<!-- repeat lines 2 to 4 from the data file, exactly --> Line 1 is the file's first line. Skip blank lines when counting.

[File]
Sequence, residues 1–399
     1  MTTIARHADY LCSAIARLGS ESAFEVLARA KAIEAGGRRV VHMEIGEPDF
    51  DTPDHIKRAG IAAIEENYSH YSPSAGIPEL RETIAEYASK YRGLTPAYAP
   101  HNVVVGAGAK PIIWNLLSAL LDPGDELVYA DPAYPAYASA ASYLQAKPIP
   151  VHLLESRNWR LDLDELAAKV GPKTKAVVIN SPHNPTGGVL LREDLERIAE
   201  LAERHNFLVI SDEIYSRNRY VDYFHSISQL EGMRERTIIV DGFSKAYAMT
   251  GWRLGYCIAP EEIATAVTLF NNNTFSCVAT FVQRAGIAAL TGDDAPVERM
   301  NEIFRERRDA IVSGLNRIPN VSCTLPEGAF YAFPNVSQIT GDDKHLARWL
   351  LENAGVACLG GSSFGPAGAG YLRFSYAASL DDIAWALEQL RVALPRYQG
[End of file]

     1  MTTIARHADY LCSAIARLGS ESAFEVLARA KAIEAGGRRV VHMEIGEPDF
    51  DTPDHIKRAG IAAIEENYSH YSPSAGIPEL RETIAEYASK YRGLTPAYAP
   101  HNVVVGAGAK PIIWNLLSAL LDPGDELVYA DPAYPAYASA ASYLQAKPIP